American RadioWorks |
(Photos: Franklin D. Roosevelt Presidential Library)

The First Family of Radio

When Franklin D. Roosevelt was elected president in 1932, he and first lady Eleanor Roosevelt both used the new medium of radio to reach into American homes like never before. They rallied the nation to combat the Great Depression and fight fascism. The Roosevelts forged an uncommonly personal relationship with the people. This documentary explores how FDR and ER's use of radio revolutionized the way Americans relate to the White House and its occupants.

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American RadioWorks |
(Photos: Franklin D. Roosevelt Presidential Library)

The First Family of Radio

When Franklin D. Roosevelt was elected president in 1932, he and first lady Eleanor Roosevelt both used the new medium of radio to reach into American homes like never before. They rallied the nation to combat the Great Depression and fight fascism. The Roosevelts forged an uncommonly personal relationship with the people. This documentary explores how FDR and ER's use of radio revolutionized the way Americans relate to the White House and its occupants.

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  • 11.17.14

    The Utility of a PhD

    Humanities professors at colleges and universities are re-thinking what it means to offer a PhD. The old model is proving unsustainable. It takes an average nine years to get a doctorate, but less than 60 percent of PhDs are finding tenure-track teaching jobs. This week, we look at a new report recommending academics view doctoral programs in a new light.
  • 11.10.14

    Radio: FDR’s ‘Natural Gift’

    President Franklin D. Roosevelt was a radio natural. He spoke in a confident, informal way, using simple words and phrases that were easy to grasp.
  • 11.12.14

    The Roosevelts as a political team

    Eleanor and Franklin Roosevelt were not the first White House couple to act as political partners, but they were the first to do so in such a public fashion.
  • 11.10.14

    Radio: The Internet of the 1930s

    Some predicted radio would be a powerful force for democratizing information and spreading knowledge to a vast population previously separated by geography or income. But the new technology also raised anxieties.

Back to The Data

Office of

John Edwards


Total cost of 29 office trips: $54,623.55


Trips by John Edwards
Total cost of congressperson's 6 trips: $12,311.10

Destination: CALIFORNIA
Sponsor: Walt Disney Co
Purpose: TO ATTEND THE CORPORATE ALLIANCES SUMMIT
Date: Jan 10, 2001 (2 days)
Expense: $7,492.00
source

Destination: LANSING, MI
Sponsor: MICHIGAN TRIAL LAWYERS ASSOCIATION
Purpose: KEYNOTE SPEAKER AT THE MICHIGAN TRIAL LAWYERS BANQUET
Date: May 12, 2001 (1 day)
Expense: $783.60
source

Destination: MONTREAL CANADA, NEW YORK, NY
Sponsor: Association of Trial Lawyers of America and affiliates
Purpose: SPEAKER AT THE ANNUAL MEETING OF THE ASSN. TRIAL LAWYERS OF AMERICA
Date: Jul 14, 2001 (2 days)
Expense: $1,757.50
source

Destination: RALEIGH, N.C.
Sponsor: North Carolina Economic Development Center
Purpose: TO BE KEYNOTE SPEAKER AT THE 2001 RURAL PARTNERS FORUM
Date: Nov 29, 2001 (1 day)
Expense: $499.50
source

Destination: ELON COLLEGE, NC 27244 (BURLINGTON)
Sponsor: Elon University
Purpose: TO INTRODUCE THE GUEST SPEAKER EHUD BARAK AT THE ELON UNIVERSITY PROGRAM FOR THE ALL CAMPUS CONVOCATION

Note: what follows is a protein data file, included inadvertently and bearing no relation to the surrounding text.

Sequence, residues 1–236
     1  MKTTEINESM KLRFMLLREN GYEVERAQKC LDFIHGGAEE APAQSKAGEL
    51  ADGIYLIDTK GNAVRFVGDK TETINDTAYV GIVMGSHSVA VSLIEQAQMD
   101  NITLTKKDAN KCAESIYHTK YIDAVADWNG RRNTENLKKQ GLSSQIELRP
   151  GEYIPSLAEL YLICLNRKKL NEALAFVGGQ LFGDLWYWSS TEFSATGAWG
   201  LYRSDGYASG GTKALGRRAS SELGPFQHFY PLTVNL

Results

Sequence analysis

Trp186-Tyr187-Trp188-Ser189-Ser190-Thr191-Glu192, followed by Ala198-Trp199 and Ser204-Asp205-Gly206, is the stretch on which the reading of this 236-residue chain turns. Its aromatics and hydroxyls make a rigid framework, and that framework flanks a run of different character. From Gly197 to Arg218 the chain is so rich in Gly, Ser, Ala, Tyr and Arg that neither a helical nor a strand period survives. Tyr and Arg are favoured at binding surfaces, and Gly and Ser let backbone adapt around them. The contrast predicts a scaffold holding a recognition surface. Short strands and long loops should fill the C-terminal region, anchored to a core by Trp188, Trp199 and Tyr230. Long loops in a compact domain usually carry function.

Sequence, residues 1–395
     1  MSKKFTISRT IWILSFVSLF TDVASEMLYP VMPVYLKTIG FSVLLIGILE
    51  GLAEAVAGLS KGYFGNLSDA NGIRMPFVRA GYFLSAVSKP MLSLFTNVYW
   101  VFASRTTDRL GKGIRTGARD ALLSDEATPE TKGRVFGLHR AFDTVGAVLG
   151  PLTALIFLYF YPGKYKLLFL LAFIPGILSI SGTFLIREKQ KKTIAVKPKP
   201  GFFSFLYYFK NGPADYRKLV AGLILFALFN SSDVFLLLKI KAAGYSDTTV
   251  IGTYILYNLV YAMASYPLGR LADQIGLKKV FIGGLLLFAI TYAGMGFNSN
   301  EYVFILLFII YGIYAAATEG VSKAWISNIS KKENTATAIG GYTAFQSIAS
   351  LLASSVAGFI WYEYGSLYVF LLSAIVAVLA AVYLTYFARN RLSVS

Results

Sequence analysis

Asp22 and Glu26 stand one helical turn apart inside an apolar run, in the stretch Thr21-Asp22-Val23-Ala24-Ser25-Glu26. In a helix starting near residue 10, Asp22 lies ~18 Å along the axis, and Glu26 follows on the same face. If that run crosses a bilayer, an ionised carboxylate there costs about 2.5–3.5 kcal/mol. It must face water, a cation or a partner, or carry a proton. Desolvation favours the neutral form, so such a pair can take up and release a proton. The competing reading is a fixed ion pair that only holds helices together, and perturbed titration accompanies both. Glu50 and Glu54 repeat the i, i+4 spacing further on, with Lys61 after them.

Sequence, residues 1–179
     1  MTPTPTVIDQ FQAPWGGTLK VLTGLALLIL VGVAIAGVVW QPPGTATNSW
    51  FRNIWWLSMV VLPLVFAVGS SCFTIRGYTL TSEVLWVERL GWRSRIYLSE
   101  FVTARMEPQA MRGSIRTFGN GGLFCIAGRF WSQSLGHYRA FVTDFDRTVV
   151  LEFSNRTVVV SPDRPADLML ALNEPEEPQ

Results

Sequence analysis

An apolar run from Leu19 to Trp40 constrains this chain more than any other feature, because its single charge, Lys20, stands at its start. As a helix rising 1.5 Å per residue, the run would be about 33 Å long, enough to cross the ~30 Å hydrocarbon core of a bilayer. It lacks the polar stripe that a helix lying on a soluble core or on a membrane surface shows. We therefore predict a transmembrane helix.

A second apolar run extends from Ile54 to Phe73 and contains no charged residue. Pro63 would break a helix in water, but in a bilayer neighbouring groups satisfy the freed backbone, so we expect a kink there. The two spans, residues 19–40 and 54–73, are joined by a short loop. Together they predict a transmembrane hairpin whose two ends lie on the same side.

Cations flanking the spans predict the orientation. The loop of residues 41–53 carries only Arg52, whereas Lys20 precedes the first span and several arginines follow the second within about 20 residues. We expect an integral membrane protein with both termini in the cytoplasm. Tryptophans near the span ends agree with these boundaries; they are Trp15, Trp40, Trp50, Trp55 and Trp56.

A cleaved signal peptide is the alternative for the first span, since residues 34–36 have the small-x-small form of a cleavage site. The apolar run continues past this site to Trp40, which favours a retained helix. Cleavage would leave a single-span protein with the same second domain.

Date: Jan 16, 2002
Expense: $1,124.50
source

Destination: ATLANTA, GEORGIA
Sponsor: Association of Trial Lawyers of America and affiliates
Purpose: SPEECH TO A.T.L.A LUNCHEON
Date: Jul 20, 2002 (1 day)
Expense: $654.00
source


Congressional staff traveling under the office of John Edwards

Victoria Basseth
Crystal Bennett
Michael Briggs
Erica Buehrens
Derek Chollet
Laura Godwin
Kate Heath
Stephanie Jones
Miles Lackey
Jeffrey Lane
Maureen Mahon
Kathryn Marks
Kevin Monroe



American RadioWorks |
(Photos: Franklin D. Roosevelt Presidential Library)

The First Family of Radio

When Franklin D. Roosevelt was elected president in 1932, he and first lady Eleanor Roosevelt both used the new medium of radio to reach into American homes like never before. They rallied the nation to combat the Great Depression and fight fascism. The Roosevelts forged an uncommonly personal relationship with the people. This documentary explores how FDR and ER's use of radio revolutionized the way Americans relate to the White House and its occupants.

Recent Posts

  • 11.17.14

    The Utility of a PhD

    Humanities professors at colleges and universities are re-thinking what it means to offer a PhD. The old model is proving unsustainable. It takes an average nine years to get a doctorate, but less than 60 percent of PhDs are finding tenure-track teaching jobs. This week, we look at a new report recommending academics view doctoral programs in a new light.
  • 11.10.14

    Radio: FDR’s ‘Natural Gift’

    President Franklin D. Roosevelt was a radio natural. He spoke in a confident, informal way, using simple words and phrases that were easy to grasp.
  • 11.12.14

    The Roosevelts as a political team

    Eleanor and Franklin Roosevelt were not the first White House couple to act as political partners, but they were the first to do so in such a public fashion.
  • 11.10.14

    Radio: The Internet of the 1930s

    Some predicted radio would be a powerful force for democratizing information and spreading knowledge to a vast population previously separated by geography or income. But the new technology also raised anxieties.